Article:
I will also add there is a lot more to converting wood to foam , keel area build , stringes, ect, you can order Eds book from his web site . rick
  7. assycat

    assycat Previous Member

    I just price out 780 square ft of 9mm core is cheaper than 6mm and 9mm okoume. the plans call for 40 sheets 8mm...
    cost for 9mm core cell- 2400.00
    cost for 9mm okoume-3616.00
    assuming 1 layer of epoxy and cloth over the okoume and two layers of cloth and polyester(yes i know your all thinking stay away from poly but on core cell its great!)
    over the hull, its seems corecell is about 1/3rd the cost to do the hulls.????
    so right now it seems a core would be better-
    now assuming the core is better, i now need to find out how to do the bulkheads, stiffeners etc to make the cored hull strong- i really dont know much about a cored hull, so now it would be a learning curve...I know that you cna do hand layups of corecell..
    so this should mean not having to vacuum bag. but how do you attach the stringers bulkheads etc? to a cored hull?
  8. assycat

    assycat Previous Member

    Rick--thanks again. I just posted here that its even less expensive for core im leaning that your boat a multi-hull? thing i should mention--the hull not rounded i.e. its not a round bilge or radius chined hull...
    ill pick up the looks great...especially if in the end I use the core...
  9. rberrey
    Joined: Oct 2010
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    rberrey Senior Member

    My build is a tristar 31 , you might ask Catbuilder what he thainks about corecell v divineycell h80. You also can do a hand layup on your foam, also ask catbuilder pros and cons of male v female form or mold. I would also look alot harder at epoxy v poly. Go on fiberglass supply,s web site and price out material as well. Other sites are thayercraft, and US composites. rick
  10. rberrey
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    rberrey Senior Member

    I would think you will have to have thicker foam than wood, 9mm (3/8) would be to thin for that boat as a rule of thumb. I would bet it converts out to between 5/8" or 3/4" foam.rick
  11. assycat

    assycat Previous Member

    yes you could quite well be right about that Rick...Its hard to apply youngs modulus to composite. unless you know the given thickness of laminate and foam..
    but isnt core cell foam?? ill read again the above- i dont recall if you gave a trade name for the foam you are talking about? and at 9mm the Corecell is actually heavier than okoume!...
    im guessing the person you speak of must have had a delamination problem??
    ill look into it..but the stuff i tested was amazing--shear strength was awesome and was ductility and compressive strength, at leats on a practical level where i could hold it and hit it with a hammer etc...but I dont have the yield numbers for you.
    i just cant justify the extra cost of epoxy if using foam though...but again ill make sure -i think there are no easy answers to the boatbuilding game...
  12. rberrey
    Joined: Oct 2010
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    rberrey Senior Member

    Corecell is a good product, Catbuilder post on this site and has already raised many of the questions you have and will ask in the future. After choosing foam and build method he may have advice on his chorces. If you know the thickness of your ply and fiberglass hull cover you can use the formular I posted to convert and get the thickness of your foam core and fiberglass. Corecell is pricey, price other closed cell foam as well. rick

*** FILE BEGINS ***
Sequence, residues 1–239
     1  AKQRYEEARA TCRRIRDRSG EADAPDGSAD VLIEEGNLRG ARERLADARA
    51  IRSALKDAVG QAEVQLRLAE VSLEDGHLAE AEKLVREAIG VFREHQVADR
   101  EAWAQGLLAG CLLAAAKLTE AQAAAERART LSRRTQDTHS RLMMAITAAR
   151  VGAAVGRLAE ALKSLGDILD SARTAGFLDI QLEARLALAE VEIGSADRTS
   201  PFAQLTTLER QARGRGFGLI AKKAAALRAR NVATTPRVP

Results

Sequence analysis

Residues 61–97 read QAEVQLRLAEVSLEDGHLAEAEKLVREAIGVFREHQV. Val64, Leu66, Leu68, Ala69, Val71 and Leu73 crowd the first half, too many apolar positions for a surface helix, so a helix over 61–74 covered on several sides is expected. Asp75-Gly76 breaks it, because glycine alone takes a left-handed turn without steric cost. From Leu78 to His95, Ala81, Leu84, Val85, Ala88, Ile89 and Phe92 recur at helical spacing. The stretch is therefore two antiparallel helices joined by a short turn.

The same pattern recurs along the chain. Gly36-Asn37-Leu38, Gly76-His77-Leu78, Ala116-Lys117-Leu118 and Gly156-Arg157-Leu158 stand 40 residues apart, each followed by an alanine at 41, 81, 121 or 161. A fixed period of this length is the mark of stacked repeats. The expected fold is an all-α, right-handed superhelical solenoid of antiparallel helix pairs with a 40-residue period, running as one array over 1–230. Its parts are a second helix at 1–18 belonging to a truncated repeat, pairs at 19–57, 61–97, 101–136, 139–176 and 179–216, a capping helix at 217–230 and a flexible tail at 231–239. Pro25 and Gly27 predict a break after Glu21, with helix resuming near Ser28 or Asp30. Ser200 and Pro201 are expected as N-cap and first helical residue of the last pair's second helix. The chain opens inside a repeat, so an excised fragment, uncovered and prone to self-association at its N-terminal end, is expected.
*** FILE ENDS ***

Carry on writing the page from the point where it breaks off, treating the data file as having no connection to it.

13. assycat

    assycat Previous Member

    I'm on my way right now over to check out catbuilders posts...the only other closed cell foam I know is dyvinicell..ive never even been able to find it--I dont know too much about it but I havent heard the best things about it when i looked on the net. But of course I dont know too much about the product..but i do like the corecell!!..

    my boat i should iterate is not a bluewater voyager but can do crossings. its a solid boat apparently. I like the speed it offers....ill take less accomodation for speed any day but thats just me..ive never seen a woods design that i know itll be interesting to check it out..
  14. assycat

    assycat Previous Member

    I looked at some nida-core--since my cat has flat sides, it looks like a great product..and at 2100.00 for my materials its also a good deal too..
    here is what noahs says about it:

    "Light Nature provides the geometry, we provide the honeycomb composite material. Nida-Core is extruded from tough, versatile polypropylene plastic. (Other materials are available). Thermo fused to the honeycomb cells are non-woven polyester bonding scrims with a polypropylene barrier film to limit resin consumption. When encapsulated in a laminate it is recognized by the US Coast Guard as a primary flotation material in small boats. Tough The important question is: "How do these plastic honeycomb sheets hold up in the real world?" Although no lightweight sheet is the answer to every possible application, Nida-Core boasts the broadest list of positive features. Some honeycomb cores are either stiff, light, quiet or economical. Nida-Core is all of the above...and more! Quiet Polypropylene honeycomb is an effective sound dampening material that provides a very low natural harmonic due to the polypropylene's viscoelacity and cell structure, effectively dampening sound and vibrations. Boats manufactured with Nida-Core honeycomb sheets demonstrate a dramatic improvement in vibrational dampening compared to traditional lightweight sheet construction methods."

    this comes in 4x7 sheets!
    so this option seems alright as well...has anyone worked with it?

  15. rberrey
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    rberrey Senior Member

    there are other material sites besides noahs, I never could get them to deal. Go to diab ,compair their product with corecell. Surf the web for ply.